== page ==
How Colin Buchanan led me to attempt the unthinkable for family devotion time

On January 1st, 2020, my husband, my two boys, and I found ourselves in a long line of traffic trying to leave the multiple encroaching firefronts on the NSW South Coast. For hours and hours we crawled through bumper-to-bumper traffic, all the while trying to keep peace between two active boys, aged 8 and 4, who were stuck in far-too-close proximity to each other.

As the hours ticked by, our patience as a family was definitely running thin!

Thankfully, we’d prepared for the trip with a few new Colin Buchanan CDs, and one in particular became a family favourite by the time we finally CK_cover-1024x1024_7a3209d0-1943-43d5-b2e3-02f80e504d19_grandearrived home at midday on January 2nd  – Colin Buchanan’s latest: Catechismo Kids.

In Catechismo Kids, Colin and his puppet-pal Nudge sing songs, play games and guide their listeners through a simple Catechism.

I’m expecting the word Catechism might prompt different reactions depending on your experience. For some, it brings back old memories of stuffy, dry, rote-learning at Sunday School in the 1950s and 1960s. For others, you may be amazed that when I ask you “What is the chief end of man?” you can, by sheer reflex reply “To glorify God and enjoy him forever”. For others (like me until recently) the word Catechism draws a complete blank, like a “404 page not found” internet error in your memory.

In his song “Do the Catechismo”, Colin outlines what a catechism is in three simple steps:

  1. You a-a-a-ask the questions
  2. Then you g-g-g-give the answers
  3. Frrrrrrrrrrrrrrom the Bible

(That’s how you dodil-oodil-oodil-oodil-oo the Catechismo – Colin concludes!)

Using Colin’s simple outline, my family and I have started doing a simple Catechism at dinner times. We took the list of questions in the “Children’s Catechism” from Teaching Truth, Training Hearts” by Dr. Tom J. Nettles (the list can also be found here). The questions and answers are very similar to the ones Colin and Nudge use, too!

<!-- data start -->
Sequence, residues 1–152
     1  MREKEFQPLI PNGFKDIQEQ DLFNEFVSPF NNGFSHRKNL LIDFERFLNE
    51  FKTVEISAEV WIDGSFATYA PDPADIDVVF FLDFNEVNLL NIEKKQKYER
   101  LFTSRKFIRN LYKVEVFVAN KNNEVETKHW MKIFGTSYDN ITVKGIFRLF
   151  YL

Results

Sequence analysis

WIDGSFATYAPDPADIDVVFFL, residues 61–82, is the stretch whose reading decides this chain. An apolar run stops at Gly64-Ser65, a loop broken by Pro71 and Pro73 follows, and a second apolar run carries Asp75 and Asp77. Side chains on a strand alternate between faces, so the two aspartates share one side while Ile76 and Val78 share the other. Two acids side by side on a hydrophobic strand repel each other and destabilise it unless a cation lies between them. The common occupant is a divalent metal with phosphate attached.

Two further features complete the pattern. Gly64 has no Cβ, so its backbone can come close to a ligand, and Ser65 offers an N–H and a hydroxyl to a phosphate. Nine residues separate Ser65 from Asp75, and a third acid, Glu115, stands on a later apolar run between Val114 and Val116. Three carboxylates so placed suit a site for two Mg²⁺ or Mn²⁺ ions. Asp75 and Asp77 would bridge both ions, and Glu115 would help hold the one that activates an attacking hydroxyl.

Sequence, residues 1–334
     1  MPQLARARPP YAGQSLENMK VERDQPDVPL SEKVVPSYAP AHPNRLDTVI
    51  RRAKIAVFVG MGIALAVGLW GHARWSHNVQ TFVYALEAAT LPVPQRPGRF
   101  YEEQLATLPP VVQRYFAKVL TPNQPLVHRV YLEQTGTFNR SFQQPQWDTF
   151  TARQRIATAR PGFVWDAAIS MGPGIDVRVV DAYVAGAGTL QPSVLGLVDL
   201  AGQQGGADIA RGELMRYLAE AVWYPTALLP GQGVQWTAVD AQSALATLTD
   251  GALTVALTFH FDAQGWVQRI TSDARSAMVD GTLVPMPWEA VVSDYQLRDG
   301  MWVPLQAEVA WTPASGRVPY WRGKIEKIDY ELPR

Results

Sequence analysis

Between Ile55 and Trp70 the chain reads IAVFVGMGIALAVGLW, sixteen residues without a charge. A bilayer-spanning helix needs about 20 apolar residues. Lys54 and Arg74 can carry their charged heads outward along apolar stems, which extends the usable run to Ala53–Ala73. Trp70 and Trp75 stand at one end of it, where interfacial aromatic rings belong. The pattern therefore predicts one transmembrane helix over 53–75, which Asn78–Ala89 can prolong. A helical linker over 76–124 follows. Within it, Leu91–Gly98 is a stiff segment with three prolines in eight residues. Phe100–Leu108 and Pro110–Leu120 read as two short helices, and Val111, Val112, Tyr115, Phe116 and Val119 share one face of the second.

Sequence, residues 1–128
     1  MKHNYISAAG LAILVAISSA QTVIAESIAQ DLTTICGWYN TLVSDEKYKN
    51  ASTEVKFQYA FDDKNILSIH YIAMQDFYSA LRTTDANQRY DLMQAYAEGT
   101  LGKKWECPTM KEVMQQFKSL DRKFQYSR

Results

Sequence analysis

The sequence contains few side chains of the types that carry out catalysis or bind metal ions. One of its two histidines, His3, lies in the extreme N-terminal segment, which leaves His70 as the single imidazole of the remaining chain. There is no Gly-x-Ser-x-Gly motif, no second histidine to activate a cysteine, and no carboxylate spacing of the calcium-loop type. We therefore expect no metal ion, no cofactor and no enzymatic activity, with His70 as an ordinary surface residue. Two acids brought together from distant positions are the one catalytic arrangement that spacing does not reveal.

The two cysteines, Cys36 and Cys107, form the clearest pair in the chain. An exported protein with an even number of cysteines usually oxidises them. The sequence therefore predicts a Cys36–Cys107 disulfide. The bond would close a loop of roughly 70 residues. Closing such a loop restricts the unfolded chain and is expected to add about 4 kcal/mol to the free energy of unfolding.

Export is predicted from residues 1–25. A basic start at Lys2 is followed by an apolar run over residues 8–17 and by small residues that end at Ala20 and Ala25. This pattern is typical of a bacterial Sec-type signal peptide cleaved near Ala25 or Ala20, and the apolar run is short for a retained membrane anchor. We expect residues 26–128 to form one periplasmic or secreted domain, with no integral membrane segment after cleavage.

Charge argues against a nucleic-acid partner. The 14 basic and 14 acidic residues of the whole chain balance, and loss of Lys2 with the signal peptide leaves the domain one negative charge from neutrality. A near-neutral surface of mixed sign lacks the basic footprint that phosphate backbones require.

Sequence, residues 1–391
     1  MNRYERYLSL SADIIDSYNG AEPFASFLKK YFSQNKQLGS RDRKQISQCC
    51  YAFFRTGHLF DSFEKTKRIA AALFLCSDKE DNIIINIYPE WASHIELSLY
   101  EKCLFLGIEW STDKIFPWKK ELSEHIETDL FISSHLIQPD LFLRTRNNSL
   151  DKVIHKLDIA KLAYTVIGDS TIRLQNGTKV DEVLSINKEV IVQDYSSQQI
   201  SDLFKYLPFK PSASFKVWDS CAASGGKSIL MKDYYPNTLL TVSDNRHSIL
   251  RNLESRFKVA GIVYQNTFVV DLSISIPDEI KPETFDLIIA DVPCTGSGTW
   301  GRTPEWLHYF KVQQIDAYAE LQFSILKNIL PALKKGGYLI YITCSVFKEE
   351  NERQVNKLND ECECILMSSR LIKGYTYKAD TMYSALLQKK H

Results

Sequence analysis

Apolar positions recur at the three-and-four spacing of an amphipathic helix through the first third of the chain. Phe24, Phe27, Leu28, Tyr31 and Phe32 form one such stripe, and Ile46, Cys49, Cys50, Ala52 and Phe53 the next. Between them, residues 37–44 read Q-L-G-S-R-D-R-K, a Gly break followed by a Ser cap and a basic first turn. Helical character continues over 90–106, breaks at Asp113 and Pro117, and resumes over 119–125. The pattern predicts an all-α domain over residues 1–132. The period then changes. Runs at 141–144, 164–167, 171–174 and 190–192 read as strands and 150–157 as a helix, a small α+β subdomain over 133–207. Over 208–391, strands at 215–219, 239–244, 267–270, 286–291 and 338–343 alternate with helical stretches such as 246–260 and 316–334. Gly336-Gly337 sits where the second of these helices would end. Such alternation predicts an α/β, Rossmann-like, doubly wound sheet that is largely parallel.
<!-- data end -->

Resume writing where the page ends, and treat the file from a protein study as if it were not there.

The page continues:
New City Catechism is another great resource you could use as well.

This is how it would work on a typical night in our house. (Note, we don’t do this every night – there are more than a few nights a week where dinner in front of the TV is all I can manage!).

Over dinner, I show my boys the question we’re going to be thinking about, for example, “Why did God make you and all things?”. I print out the question in large font so that they can look at it while they’re eating.

Last night, my eldest’s first response was, “God made us because he was lonely.” I was able to say that I used to think that, too, but it’s not actually what the Bible says. 

This led us to talk about how God shows us about him through what he has done. We know he’s powerful because he spoke and the world was created. We know he is loving because God saw it was not good for Adam to be alone and created Eve as a suitable complement for him. We know God is forgiving because after Adam and Eve sinned, he promised that one day an offspring of the woman would destroy the serpent and we know that offspring is Jesus.

After we talk about the question, we look at the answer, which in this case is “God made us for his own glory”. For an answer like this, I had to explain what the word glory means, but for others, the answer is pretty straightforward. We write the answer in texta on the page under the question.

We then look at one of the accompanying Bible verses, like Revelation 4:11, in the CEV translation. We then write the verse out under the answer.

At the end, we recap all of the questions we’ve done so far. It’s my hope that over time these questions, answers and Bible verses will be so implanted in my boys that they will know with certainly the things they believe, and can confidently defend their faith in the face of any challenge.

Catechisms might seem out of fashion, but Colin Buchanan has encouraged our family to see how helpful they can be in planting seeds of faith, trust and love for God’s Word and his promises in the hearts of our sons. 

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